Wake me up when it’s all over
When I’m wiser and I’m older
All this time I was finding myself
And I didn’t know I was lost
I almost feel ashamed to admit that I still don’t know what I really want to do with my life. Like when someone asks a 15 or 16 year old what they want to do and scoff if they said they don’t know; what would that someone say to me?
But is it unfair to ask a 15 year old to choose then what career they would choose? To make such a choice so early in their life, at a time when they haven’t even experienced life? How are they supposed to really make a decision like that?
But that’s how we do things now. I remember at secondary school that I had to choose a path of sciences or business. I wanted to do business subjects, but wanted to do physics and math, so I had to choose sciences and leave the business out. Not that I mind now though, but who knows what it would have been like had I been able to do both.
And that the thing, we never know! We could never foretell the future, so asking youths to make a decision that seems so permanent at the time, can’t be the right thing to do. We should offer them the choice, but also the way to change their minds if that choice is not right.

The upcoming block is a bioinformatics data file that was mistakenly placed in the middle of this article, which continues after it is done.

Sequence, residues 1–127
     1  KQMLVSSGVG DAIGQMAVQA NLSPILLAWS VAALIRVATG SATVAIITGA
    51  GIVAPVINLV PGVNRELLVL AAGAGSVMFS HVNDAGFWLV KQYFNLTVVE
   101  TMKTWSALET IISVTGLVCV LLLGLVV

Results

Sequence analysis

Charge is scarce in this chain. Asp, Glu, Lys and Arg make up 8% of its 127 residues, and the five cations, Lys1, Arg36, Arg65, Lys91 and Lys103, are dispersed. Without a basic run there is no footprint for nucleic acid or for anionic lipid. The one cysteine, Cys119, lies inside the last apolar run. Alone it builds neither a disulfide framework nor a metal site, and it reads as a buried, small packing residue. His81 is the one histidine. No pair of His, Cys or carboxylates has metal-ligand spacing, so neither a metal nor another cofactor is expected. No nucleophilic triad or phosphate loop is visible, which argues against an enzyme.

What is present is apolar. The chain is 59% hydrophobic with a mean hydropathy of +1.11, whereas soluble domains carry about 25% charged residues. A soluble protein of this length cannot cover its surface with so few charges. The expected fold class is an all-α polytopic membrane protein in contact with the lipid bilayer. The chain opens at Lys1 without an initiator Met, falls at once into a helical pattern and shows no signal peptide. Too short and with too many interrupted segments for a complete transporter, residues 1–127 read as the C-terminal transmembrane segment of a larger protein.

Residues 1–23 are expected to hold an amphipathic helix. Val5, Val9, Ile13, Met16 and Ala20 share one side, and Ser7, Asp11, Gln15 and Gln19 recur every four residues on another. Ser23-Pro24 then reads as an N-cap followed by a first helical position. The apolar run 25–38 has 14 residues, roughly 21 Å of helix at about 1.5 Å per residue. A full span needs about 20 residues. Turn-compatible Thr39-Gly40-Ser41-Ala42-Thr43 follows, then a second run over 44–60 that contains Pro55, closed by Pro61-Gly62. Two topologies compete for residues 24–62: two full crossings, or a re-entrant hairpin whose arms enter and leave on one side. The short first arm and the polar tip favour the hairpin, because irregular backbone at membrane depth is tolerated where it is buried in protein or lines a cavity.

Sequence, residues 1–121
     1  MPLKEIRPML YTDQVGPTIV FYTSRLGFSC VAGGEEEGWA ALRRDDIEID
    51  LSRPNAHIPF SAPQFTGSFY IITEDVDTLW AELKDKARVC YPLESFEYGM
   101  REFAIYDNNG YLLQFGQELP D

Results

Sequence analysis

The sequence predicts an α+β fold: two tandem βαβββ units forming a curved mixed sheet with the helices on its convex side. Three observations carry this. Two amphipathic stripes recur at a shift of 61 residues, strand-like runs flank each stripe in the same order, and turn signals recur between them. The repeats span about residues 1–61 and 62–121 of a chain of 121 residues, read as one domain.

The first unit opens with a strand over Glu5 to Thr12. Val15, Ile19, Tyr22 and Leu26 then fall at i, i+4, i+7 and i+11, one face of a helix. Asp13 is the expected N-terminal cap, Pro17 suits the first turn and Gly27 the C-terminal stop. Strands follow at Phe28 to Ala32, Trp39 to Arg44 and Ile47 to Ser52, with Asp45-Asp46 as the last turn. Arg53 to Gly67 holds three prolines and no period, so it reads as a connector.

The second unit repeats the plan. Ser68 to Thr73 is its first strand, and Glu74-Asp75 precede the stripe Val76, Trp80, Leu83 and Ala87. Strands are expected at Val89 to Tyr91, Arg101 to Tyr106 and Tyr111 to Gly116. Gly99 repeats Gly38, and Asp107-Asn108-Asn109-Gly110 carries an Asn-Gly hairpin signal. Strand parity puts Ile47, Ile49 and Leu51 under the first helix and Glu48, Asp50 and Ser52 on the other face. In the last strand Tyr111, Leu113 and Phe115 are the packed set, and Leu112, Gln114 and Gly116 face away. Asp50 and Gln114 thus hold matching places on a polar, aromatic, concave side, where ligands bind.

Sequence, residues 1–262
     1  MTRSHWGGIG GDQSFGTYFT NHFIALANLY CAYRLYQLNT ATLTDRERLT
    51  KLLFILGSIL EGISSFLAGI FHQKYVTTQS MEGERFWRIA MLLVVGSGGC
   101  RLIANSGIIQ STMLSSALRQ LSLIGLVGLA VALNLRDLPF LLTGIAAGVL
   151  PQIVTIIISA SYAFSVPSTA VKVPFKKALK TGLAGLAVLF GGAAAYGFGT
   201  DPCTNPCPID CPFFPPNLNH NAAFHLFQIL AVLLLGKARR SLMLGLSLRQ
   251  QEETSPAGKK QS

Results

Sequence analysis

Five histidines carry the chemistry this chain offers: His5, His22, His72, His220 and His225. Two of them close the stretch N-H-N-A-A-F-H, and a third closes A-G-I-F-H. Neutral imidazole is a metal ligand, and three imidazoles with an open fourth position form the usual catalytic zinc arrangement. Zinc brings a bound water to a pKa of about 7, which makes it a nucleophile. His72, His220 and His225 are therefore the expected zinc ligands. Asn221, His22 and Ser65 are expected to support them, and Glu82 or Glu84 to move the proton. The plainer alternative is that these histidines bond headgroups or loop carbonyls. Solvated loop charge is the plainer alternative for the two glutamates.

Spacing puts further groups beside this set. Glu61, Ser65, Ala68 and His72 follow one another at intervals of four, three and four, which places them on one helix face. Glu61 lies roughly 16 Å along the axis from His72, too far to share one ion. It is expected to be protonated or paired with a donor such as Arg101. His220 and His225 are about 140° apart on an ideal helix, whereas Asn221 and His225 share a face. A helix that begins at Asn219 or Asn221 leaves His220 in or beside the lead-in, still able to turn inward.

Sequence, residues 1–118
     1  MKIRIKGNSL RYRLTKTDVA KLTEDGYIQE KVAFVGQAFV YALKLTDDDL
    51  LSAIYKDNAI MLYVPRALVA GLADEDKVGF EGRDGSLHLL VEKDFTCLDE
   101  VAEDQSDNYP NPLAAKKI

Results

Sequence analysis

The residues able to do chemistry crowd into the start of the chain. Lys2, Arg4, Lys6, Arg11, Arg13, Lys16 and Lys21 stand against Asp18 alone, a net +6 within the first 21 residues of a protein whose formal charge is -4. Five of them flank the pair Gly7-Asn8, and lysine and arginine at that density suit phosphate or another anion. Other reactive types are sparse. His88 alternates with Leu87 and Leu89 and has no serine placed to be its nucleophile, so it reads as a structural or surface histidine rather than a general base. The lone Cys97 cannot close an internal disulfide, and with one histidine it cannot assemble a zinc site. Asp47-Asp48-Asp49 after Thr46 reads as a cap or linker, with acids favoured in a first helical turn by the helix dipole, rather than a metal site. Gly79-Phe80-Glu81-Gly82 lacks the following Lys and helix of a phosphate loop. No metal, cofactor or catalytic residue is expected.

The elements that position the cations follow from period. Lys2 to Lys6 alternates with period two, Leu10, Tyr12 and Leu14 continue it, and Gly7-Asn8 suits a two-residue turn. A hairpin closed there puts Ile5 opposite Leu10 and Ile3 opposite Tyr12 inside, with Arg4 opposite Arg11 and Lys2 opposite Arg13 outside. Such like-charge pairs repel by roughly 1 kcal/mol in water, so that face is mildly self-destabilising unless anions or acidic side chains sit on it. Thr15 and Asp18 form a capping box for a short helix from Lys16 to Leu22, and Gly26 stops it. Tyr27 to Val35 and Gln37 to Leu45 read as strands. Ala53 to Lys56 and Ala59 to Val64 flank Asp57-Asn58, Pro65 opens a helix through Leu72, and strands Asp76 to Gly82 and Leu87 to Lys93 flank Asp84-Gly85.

How many people are living soulless, unhappy lives now because of that choice they made so long ago? I see so many status updates on social media for people living for the weekend, and dreading Mondays, it makes me wonder sometimes whether work can be enjoyed.
Work can be enjoyed. There are quite a few times where I’ve enjoyed doing something and it didn’t matter how hard I worked or whether it was paid for, I was just happy doing it. Perhaps then, it’s not that I need to find something different, but to find the good in what I’m doing right now and be happy with it.
As I’ve grown, my needs and values have changed. What I wanted ten years ago is much different now.
You can find happiness in what you are doing now, but to find meaning and purpose, you have to go much deeper. You have to ask yourself the really difficult questions, and be willing to make the choices that come with them.
Making a choice when you were 15 years old may have defined a path, but it doesn’t define the journey, or the destination. Fortunately, one of the advantages of life is the ability to change course and choose your own path, no matter your age; a path that will alter your final destination.
Live for the journey, not the destination.